Keith Jarrett – Standards, Vol. 1 – ECM Records 

by | Jun 21, 2019 | Jazz CD Reviews | 0 comments

Keith Jarrett – Standards, Vol. 1 – ECM Records ECM 1255 6743202 (1983/2019), 45:18 ****:

(Keith Jarrett – piano; Gary Peacock – double bass; Jack DeJohnette – drums)

While Keith Jarrett is known for his original compositions and improvisational largesse, he is equally adept at standards. Throughout his illustrious career, he has breathed new life into familiar and lesser known material. At the suggestion of Manfred Eicher, Jarrett recorded an album of standards (actually 2 albums) with double bassist Gary Peacock and drummer Jack DeJohnette. The trio had previously recorded together in 1977 on Peacock’s Tales Of Another. While the practice of recording jazz standards was customary for decades, it was contrary to Contemporary Jazz of the 1980’s. Following convention was never a crucial element to Jarret’s musical vision. When Keith Jarrett –  Standards Vol. 1 was released in 1983, it climbed to #14 on the jazz charts. Vol.2 failed to chart. The reviews for both were mixed, but the trio’s live performances were exciting.

As part of the 2019 ECM Touchstone series, iconic jazz label ECM has reissued Keith JarrettStandards Vol. 1. Like many extended Jarrett arrangements, there are five numbers that run for a total time of 45 minutes. The opening track, “Meaning Of The Blues” was written by trumpeter Bobby Troup (‘Route 66”) for his wife, singer Julie London. Her trademark sultry vocals established a substantial melancholy to the context. Later jazz players like Miles Davis, Stan Kenton, Gil Evans and Woody Herman established its jazz legacy. Jarrett begins his cover with a slightly lilting piano lead as Peacock and DeJohnette gently expand the music. There is a gliding rhythm that that creates a dream-like resonance. Jarrett’s right hand notation is adroit in its tempo sustainment and breezy accents. At just past the 4:00 mark, Peacock excels on a deft solo. Next, Jarrett explores Latin-infused motifs with a repeat vamp-driven solo. (Note; There is some ambient vocalese in the background). DeJohnette is a judicious counterpoint to Jarrett, and the jam comes to a quiet finish.

Jarrett is especially on his game for “All The Things You Are”. Written for Broadway (and screen) by Jerome Kern and Oscar Hammerstein II,. the show tune has been transformed by the likes of Ella Fitzgerald, Sonny Rollins, Dizzy Gillespie, Charlie Parker, Chet Baker, Dave Brubeck, Stan Getz and Gerry Mulligan. There have also been many popular covers from singers like Ella Fitzgerald, Frank Sinatra and Barbra Streisand. The arrangement is stridently up tempo with Jarrett, Peacock and DeJohnette swinging. The piano runs are percolating and hard driving. The essence of the melody is familiar, but the trio energizes it with hard bop flourishes. Peacock solos with Jarrett countering, and the last chorus and verse slow down to a hush. There are too many covers of the 1940 show tune “It Never Entered my Mind” (Rodgers and Hart) to enumerate. This cover is lyrical with a deft 3/4 time signature. DeJohnette’s timing and instrumental technique are flawless and Jarrett embraces a breezy vibe. The conclusion of the piece features haunting delicacy on the piano.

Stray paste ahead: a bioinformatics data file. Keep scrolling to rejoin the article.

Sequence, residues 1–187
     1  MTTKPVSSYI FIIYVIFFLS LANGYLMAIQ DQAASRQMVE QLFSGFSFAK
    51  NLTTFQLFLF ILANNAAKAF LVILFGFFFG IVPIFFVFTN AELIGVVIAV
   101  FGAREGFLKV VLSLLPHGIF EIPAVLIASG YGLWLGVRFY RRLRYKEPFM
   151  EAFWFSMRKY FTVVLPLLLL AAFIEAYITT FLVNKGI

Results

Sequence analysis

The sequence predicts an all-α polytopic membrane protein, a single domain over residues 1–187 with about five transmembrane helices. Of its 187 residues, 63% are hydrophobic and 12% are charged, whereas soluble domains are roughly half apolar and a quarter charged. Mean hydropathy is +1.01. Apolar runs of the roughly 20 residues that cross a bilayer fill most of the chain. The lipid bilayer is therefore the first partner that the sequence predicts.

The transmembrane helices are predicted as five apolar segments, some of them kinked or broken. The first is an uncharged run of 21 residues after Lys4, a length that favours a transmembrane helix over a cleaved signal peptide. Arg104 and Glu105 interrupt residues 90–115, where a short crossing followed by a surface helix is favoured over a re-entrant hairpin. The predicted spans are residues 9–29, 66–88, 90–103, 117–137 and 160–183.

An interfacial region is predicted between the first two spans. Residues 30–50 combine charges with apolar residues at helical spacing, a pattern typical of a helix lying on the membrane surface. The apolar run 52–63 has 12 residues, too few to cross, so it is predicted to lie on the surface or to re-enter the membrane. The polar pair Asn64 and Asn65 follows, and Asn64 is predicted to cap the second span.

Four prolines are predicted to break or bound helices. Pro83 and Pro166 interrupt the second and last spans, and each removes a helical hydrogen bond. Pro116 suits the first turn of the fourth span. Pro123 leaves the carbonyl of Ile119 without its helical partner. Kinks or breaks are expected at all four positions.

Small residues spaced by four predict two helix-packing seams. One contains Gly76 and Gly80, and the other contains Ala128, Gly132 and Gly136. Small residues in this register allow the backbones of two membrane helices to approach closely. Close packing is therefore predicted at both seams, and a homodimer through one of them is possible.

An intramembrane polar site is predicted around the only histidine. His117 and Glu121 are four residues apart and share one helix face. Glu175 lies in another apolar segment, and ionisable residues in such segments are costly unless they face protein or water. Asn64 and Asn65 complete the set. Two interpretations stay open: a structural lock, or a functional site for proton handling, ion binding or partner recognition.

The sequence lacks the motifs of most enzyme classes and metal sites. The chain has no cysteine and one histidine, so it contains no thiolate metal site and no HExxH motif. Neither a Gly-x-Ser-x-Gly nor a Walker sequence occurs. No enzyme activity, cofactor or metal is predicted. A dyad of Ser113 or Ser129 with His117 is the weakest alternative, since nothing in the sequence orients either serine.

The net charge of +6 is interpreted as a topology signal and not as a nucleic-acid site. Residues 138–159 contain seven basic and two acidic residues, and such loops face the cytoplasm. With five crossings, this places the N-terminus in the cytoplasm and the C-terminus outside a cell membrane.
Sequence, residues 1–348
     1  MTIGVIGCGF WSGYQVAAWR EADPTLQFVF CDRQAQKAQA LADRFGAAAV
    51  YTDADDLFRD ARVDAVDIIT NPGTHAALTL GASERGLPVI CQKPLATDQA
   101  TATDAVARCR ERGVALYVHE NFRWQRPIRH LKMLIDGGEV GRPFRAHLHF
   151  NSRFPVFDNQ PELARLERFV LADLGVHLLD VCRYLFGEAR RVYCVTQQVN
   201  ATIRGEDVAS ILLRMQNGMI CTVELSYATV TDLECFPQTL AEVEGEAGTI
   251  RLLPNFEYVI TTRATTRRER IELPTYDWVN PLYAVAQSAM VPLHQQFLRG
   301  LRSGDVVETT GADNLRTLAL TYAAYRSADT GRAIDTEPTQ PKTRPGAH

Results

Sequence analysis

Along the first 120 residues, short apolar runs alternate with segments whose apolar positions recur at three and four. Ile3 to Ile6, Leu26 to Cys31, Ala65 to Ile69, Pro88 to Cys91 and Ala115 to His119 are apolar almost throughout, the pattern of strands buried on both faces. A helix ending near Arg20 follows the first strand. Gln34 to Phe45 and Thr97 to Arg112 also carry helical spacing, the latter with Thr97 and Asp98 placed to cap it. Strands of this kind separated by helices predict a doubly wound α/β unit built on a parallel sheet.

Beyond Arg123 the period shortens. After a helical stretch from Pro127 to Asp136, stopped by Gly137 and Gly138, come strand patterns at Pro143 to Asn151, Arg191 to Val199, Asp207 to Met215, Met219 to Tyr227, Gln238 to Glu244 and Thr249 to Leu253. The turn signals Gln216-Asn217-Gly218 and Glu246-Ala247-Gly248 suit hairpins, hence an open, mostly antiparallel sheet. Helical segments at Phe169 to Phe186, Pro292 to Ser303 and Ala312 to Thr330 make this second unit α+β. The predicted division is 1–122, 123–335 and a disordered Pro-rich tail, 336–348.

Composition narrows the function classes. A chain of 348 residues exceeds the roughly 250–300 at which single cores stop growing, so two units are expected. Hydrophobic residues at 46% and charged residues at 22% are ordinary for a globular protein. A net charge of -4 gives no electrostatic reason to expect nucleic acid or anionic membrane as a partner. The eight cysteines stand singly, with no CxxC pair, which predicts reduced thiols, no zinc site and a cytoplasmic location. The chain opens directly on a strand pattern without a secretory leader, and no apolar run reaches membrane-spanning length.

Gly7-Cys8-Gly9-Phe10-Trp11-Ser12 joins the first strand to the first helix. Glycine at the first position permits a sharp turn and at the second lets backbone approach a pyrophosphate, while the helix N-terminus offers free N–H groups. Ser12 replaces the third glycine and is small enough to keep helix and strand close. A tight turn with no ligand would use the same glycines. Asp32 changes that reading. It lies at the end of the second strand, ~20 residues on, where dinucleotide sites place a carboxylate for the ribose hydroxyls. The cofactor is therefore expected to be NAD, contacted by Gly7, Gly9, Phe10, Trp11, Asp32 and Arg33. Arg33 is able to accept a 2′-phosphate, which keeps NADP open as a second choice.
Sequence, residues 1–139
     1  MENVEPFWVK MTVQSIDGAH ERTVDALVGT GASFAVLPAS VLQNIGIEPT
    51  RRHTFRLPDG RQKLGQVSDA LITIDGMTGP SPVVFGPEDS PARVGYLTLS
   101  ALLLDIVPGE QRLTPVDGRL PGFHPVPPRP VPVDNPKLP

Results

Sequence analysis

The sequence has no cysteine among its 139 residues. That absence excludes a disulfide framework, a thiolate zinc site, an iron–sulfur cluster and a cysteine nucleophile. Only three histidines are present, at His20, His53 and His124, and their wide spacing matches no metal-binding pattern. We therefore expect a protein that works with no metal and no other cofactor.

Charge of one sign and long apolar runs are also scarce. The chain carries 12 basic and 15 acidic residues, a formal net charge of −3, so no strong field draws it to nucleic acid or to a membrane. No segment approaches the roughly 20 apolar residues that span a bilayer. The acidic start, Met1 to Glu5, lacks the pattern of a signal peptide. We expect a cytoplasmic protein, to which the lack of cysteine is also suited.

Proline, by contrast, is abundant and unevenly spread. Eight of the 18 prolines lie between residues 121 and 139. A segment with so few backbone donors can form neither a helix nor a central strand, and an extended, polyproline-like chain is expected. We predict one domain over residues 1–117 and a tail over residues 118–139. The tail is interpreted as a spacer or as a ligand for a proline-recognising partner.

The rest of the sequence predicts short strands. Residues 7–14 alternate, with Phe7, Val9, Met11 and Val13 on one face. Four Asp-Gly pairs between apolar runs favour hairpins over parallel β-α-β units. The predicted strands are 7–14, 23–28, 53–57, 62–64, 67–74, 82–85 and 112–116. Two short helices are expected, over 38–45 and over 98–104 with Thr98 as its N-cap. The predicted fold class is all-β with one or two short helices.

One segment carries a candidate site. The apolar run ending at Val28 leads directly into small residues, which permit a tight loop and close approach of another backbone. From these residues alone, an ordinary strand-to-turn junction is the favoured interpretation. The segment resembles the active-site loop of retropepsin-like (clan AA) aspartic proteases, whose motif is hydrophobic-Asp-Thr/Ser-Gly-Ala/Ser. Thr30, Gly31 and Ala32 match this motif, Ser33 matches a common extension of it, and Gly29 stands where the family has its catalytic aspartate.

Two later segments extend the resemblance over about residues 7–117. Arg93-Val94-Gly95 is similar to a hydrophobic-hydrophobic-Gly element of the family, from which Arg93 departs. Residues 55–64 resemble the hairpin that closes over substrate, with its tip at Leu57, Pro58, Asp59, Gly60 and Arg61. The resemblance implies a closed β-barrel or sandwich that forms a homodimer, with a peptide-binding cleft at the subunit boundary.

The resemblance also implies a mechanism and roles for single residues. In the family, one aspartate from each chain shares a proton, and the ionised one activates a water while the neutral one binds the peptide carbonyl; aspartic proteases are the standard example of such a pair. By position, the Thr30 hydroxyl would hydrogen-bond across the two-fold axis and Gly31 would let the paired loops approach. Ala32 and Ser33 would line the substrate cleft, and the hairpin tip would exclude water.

Never removed from musical eclecticism, the 1939 song, The Masquerade Is Over” adopts the finger-snapping “cool” template that runs through this album. It has a “live” feel that reflects the chemistry of the trio. Also, the final 0:45 injects a touch of ethereal charm. There are usually compelling, if not stunning elements to Keith Jarrett’s recordings. “God Bless The Child’ is clearly one of these moments. Forever associated with Billie Holiday (and resurrected in the 60’s by Blood Sweat & Tears), Jarrett reclaims this in his inimitable style. Unleashing a plethora of gospel-infused riffs and hooks, there is a certain hypnotic groove to the arrangement. For some musicians, a 15:33 track might become tedious, but not Keith Jarrett. His muscular chording keeps the repeat vibrant and soulful. DeJohnette matches Jarrett’s intensity with unflinching commitment. Jarrett and the trio distill the rhythmic spirituality of the piece, and there are jazzy chord changes in the chorus.

Keith Jarrett Standards Vol. 1 is a fine addition to any Keith Jarrett collection.

Meaning Of The Blues
All The Things You Are
It Never Entered My Mind
This Masquerade Is Over
God Bless The Child

-Robbie Gerson


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